Finally, and certainly no surprise, he cited uncertainty about employment and the stubbornly high unemployment rate as another factor. The old “no job, no problem” lending days are long gone, seemingly replaced by the new attitude of lenders – “good job, so what – show me the money.” Lenders are demanding higher down payments and certainly much more documentation about a buyer’s wherewithal.

One thing that he didn’t cite is that the seller side is contributing to the problem, too. So many homeowners are underwater that the normal flow of homes into the inventory pool from people who want to move has just about dried up (at least in this area). These are people who would normally be selling to downsize in retirement or perhaps selling to take a new job or maybe even selling to move up the housing ladder. They are all stuck right now; so, they are selling or buying. The lack of good, move-in-ready inventory from those types of sellers is also restricting the market by giving would-be buyers much less to choose from.

The Fed seems to be casting about looking for ways to help get the housing market re-energized, but to little avail so far. A part of the reason is that they are also trying to keep their buddies in the banking industry whole. Remember that these are the clowns who created the free-lending environment and the monetized pools of mortgages that helped precipitate the housing bubble and subsequent crash. Just about everything from raw bail outs to new lending programs are still designed to protect those same bankers/investors. After all, they make the big campaign contributions and as John Arbuckle used to say, “You get what you pay for.”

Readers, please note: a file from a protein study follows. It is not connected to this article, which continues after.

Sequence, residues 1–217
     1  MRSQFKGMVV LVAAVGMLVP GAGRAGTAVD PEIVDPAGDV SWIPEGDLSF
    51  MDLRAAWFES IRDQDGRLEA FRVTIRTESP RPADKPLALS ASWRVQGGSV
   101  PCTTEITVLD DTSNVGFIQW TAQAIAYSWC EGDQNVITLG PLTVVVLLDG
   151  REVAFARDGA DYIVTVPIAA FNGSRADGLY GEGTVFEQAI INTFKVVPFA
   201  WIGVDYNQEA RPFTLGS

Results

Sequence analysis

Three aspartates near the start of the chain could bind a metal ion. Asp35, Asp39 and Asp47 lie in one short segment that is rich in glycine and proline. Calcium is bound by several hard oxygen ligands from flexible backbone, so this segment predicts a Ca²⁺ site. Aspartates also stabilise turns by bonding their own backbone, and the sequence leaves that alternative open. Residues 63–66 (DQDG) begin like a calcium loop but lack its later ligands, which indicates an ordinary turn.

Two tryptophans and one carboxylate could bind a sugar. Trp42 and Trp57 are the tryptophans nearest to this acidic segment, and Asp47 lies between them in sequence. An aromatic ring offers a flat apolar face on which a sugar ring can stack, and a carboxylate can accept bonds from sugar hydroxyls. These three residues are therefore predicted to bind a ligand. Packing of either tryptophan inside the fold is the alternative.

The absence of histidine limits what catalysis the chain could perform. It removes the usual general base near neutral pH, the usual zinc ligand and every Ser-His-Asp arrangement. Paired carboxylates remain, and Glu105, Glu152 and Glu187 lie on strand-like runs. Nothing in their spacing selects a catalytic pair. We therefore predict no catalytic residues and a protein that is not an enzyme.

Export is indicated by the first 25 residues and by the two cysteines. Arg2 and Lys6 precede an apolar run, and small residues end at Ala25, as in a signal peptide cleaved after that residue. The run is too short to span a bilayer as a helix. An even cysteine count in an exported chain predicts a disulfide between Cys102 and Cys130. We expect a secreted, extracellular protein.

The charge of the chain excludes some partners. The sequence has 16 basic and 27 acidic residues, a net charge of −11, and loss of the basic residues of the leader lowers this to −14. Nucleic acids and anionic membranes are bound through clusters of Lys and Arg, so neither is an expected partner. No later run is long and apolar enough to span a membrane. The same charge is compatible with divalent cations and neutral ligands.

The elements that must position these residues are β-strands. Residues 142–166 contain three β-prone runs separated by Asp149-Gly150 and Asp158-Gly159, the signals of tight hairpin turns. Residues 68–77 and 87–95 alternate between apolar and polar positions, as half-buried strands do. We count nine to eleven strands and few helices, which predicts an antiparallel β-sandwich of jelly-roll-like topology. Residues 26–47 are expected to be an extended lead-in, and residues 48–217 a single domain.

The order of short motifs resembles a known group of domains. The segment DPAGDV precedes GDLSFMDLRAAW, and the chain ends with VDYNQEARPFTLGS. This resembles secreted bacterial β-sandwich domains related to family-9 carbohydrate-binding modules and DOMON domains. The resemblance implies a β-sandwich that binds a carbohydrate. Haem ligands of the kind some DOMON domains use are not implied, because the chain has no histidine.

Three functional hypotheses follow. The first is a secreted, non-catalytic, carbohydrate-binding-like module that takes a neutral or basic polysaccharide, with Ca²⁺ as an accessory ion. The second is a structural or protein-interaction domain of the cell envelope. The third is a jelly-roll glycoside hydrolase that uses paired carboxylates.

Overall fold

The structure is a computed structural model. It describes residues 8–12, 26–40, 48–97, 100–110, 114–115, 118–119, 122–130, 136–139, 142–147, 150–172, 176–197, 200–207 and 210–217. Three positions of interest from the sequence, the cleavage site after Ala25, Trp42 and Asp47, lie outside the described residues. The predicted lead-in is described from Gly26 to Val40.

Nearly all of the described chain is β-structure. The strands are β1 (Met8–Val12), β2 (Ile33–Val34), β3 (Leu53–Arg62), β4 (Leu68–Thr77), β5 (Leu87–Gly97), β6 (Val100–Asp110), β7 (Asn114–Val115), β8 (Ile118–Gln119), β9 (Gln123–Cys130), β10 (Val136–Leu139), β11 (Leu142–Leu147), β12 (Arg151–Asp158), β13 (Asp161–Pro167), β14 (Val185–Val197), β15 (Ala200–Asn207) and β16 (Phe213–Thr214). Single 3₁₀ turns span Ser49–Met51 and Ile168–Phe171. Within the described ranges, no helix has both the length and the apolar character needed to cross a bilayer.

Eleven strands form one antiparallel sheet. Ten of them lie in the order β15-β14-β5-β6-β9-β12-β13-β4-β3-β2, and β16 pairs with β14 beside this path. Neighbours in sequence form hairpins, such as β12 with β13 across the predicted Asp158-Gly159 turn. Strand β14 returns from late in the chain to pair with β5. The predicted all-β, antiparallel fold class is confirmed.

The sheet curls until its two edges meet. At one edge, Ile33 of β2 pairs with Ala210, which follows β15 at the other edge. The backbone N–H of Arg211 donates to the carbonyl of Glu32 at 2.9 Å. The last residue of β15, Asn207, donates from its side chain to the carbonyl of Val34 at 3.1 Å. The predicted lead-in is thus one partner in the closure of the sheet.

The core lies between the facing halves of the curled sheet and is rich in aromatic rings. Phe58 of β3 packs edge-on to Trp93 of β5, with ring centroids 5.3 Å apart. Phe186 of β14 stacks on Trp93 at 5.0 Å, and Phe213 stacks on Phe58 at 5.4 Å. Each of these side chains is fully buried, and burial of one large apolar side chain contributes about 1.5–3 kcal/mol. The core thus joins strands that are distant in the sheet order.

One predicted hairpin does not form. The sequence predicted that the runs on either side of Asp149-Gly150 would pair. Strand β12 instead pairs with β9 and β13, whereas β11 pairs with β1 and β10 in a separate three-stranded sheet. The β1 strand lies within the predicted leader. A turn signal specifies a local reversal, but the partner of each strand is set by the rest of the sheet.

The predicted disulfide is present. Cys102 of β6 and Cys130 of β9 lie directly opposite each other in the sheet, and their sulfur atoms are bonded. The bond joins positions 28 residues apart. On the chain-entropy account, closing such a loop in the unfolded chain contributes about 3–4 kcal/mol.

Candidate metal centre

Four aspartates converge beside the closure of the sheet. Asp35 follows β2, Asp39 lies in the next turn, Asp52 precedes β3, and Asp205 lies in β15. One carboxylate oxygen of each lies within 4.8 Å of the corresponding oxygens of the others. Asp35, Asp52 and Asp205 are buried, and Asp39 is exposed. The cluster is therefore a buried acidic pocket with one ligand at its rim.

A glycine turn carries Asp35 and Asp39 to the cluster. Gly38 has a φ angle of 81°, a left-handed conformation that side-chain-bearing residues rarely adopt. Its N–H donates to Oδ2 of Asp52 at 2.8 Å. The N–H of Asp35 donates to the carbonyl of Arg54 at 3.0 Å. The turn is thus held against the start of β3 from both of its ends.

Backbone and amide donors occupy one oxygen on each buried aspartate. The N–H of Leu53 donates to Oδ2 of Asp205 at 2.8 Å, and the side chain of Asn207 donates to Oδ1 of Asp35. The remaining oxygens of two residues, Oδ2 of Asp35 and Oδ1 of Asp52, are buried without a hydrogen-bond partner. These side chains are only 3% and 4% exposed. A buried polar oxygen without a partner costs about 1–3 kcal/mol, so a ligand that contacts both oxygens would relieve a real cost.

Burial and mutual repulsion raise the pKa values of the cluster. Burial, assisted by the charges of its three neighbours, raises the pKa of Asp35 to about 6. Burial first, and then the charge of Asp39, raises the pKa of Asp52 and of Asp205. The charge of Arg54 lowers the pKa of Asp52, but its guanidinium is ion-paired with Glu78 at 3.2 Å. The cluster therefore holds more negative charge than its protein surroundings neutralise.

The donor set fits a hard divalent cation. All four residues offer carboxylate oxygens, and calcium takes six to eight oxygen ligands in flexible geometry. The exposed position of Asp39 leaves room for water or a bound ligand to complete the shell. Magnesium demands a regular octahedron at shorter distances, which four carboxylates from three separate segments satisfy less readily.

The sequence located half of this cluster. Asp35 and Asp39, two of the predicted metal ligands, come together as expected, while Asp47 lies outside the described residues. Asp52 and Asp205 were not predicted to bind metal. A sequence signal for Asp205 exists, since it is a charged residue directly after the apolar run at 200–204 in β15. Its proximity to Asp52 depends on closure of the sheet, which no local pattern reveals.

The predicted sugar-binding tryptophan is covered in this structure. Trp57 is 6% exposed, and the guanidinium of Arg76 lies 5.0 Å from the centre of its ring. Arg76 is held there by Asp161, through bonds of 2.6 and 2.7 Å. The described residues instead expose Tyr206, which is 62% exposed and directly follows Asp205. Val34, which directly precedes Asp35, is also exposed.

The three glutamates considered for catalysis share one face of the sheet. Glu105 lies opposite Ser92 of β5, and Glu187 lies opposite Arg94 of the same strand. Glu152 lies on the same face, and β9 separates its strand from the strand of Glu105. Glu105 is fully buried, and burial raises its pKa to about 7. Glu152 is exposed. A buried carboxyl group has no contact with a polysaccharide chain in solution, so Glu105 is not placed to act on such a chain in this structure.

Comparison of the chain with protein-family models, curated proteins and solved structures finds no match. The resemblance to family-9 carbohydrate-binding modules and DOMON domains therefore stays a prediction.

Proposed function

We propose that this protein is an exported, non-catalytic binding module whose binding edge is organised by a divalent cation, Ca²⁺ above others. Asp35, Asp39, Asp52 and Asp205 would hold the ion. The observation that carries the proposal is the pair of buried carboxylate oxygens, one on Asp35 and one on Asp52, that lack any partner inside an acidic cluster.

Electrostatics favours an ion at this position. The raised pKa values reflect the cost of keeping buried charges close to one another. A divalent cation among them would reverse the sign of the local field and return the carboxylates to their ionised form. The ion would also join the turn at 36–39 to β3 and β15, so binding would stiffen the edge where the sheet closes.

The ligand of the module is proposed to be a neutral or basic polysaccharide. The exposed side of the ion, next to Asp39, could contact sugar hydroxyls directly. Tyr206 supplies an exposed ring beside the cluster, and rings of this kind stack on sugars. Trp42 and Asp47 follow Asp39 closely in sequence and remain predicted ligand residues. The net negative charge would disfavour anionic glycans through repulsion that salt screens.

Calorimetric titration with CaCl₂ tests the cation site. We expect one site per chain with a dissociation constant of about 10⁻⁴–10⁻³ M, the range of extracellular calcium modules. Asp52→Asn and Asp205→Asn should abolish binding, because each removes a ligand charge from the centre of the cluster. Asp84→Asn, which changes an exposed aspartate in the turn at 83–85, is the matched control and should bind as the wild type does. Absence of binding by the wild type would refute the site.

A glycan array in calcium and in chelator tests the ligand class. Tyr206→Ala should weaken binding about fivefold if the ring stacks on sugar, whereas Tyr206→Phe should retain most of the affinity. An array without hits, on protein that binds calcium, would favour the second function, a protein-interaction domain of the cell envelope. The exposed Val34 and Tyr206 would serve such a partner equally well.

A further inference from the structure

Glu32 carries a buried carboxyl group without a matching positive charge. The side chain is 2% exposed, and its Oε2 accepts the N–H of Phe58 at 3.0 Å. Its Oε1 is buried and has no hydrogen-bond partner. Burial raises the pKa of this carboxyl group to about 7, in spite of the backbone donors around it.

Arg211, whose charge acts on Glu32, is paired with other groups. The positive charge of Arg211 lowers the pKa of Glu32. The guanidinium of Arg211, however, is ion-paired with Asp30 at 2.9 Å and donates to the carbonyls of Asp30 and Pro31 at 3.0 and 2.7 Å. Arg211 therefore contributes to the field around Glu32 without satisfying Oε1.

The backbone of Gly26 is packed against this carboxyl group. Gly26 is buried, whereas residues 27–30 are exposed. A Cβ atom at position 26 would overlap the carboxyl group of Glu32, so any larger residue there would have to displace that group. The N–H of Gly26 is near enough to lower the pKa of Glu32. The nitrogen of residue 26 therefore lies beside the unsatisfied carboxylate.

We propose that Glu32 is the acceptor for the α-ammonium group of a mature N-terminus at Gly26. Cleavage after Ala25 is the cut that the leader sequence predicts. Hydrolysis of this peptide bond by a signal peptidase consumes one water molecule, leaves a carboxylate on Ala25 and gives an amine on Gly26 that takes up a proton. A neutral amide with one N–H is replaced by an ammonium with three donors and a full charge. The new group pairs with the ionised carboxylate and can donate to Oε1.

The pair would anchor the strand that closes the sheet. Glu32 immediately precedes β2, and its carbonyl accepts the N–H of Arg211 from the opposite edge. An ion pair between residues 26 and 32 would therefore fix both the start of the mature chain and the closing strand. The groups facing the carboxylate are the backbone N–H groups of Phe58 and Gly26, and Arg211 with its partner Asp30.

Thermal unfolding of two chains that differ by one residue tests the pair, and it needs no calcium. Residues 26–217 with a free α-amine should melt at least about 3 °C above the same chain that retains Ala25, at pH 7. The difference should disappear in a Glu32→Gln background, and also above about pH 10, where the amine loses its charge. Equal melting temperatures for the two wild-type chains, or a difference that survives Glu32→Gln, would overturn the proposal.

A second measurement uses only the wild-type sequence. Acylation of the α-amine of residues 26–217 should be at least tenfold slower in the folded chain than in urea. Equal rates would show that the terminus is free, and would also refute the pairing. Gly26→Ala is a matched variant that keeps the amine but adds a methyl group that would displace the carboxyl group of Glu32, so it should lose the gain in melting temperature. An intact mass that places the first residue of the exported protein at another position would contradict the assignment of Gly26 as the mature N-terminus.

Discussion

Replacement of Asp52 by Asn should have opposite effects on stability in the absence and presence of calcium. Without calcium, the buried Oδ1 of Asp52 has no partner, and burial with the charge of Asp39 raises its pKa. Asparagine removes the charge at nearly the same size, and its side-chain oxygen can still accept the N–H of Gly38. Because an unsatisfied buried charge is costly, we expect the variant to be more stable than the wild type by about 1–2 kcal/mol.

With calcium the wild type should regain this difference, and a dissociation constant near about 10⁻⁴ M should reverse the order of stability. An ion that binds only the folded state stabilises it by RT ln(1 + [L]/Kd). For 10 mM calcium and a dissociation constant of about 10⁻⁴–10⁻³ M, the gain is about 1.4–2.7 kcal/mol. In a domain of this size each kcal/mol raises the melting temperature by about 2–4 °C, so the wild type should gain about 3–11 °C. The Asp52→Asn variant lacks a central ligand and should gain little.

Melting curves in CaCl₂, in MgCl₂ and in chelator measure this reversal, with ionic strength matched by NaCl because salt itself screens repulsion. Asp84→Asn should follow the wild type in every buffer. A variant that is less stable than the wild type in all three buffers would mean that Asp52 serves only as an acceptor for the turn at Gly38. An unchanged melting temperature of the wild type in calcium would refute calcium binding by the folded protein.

One simple way to kick start the housing market, and likely help the economy overall in the long run, would be to force the banks/investors to write down the lost value of the loans that they are holding and refinance at the current value. Right now they are holding those loans on their books as assets at the old value of the loan. That equity value is gone for them and the homeowners involved.

Currently it’s a standoff between the homeowners and the banks to see who blinks first. Most of the time it’s the homeowner who blinks, because he either has to sell or can’t afford to service the loan at the old value. Only then does the bank “recognize the loss”, which is has known about all along. There are avenues available through regulations or changes in accounting practices that could force the banks to recognize those losses now and let everyone get on with life. Would that be painful? Yes. Does it have to be catastrophic? No. There are ways through bank capital requirements policy and federal tax policy that those losses could be softened for the banks. Yes, they would still be losses and the banks are fighting to avoid that with all of their lobbying money.